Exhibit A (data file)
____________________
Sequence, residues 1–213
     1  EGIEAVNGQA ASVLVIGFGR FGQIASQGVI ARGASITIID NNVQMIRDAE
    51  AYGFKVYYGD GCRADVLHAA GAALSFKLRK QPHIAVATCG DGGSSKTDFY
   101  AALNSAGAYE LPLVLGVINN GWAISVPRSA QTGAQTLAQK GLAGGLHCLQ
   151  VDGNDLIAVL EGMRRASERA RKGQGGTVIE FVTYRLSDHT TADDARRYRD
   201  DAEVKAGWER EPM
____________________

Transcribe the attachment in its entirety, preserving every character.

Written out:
Sequence, residues 1–213
     1  EGIEAVNGQA ASVLVIGFGR FGQIASQGVI ARGASITIID NNVQMIRDAE
    51  AYGFKVYYGD GCRADVLHAA GAALSFKLRK QPHIAVATCG DGGSSKTDFY
   101  AALNSAGAYE LPLVLGVINN GWAISVPRSA QTGAQTLAQK GLAGGLHCLQ
   151  VDGNDLIAVL EGMRRASERA RKGQGGTVIE FVTYRLSDHT TADDARRYRD
   201  DAEVKAGWER EPM